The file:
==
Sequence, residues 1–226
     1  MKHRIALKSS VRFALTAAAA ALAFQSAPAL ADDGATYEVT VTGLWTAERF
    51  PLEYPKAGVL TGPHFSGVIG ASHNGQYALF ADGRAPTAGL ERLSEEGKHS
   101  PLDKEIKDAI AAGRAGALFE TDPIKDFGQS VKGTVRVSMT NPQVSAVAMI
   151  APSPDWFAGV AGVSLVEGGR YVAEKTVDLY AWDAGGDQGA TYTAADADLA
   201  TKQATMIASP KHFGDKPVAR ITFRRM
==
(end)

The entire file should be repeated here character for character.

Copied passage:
Sequence, residues 1–226
     1  MKHRIALKSS VRFALTAAAA ALAFQSAPAL ADDGATYEVT VTGLWTAERF
    51  PLEYPKAGVL TGPHFSGVIG ASHNGQYALF ADGRAPTAGL ERLSEEGKHS
   101  PLDKEIKDAI AAGRAGALFE TDPIKDFGQS VKGTVRVSMT NPQVSAVAMI
   151  APSPDWFAGV AGVSLVEGGR YVAEKTVDLY AWDAGGDQGA TYTAADADLA
   201  TKQATMIASP KHFGDKPVAR ITFRRM